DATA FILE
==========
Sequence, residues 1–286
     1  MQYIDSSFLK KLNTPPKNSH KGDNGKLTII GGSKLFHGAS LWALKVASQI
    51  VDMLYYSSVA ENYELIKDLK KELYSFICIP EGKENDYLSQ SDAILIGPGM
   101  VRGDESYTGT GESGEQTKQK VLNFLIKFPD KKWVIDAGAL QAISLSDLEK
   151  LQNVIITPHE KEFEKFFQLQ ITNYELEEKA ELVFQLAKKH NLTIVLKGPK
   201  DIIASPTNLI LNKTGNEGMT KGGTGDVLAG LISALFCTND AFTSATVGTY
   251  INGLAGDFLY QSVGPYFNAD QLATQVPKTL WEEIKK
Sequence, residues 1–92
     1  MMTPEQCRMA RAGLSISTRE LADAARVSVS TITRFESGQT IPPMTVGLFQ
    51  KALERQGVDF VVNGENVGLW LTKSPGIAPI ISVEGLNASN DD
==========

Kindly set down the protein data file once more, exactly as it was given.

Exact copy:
Sequence, residues 1–286
     1  MQYIDSSFLK KLNTPPKNSH KGDNGKLTII GGSKLFHGAS LWALKVASQI
    51  VDMLYYSSVA ENYELIKDLK KELYSFICIP EGKENDYLSQ SDAILIGPGM
   101  VRGDESYTGT GESGEQTKQK VLNFLIKFPD KKWVIDAGAL QAISLSDLEK
   151  LQNVIITPHE KEFEKFFQLQ ITNYELEEKA ELVFQLAKKH NLTIVLKGPK
   201  DIIASPTNLI LNKTGNEGMT KGGTGDVLAG LISALFCTND AFTSATVGTY
   251  INGLAGDFLY QSVGPYFNAD QLATQVPKTL WEEIKK
Sequence, residues 1–92
     1  MMTPEQCRMA RAGLSISTRE LADAARVSVS TITRFESGQT IPPMTVGLFQ
    51  KALERQGVDF VVNGENVGLW LTKSPGIAPI ISVEGLNASN DD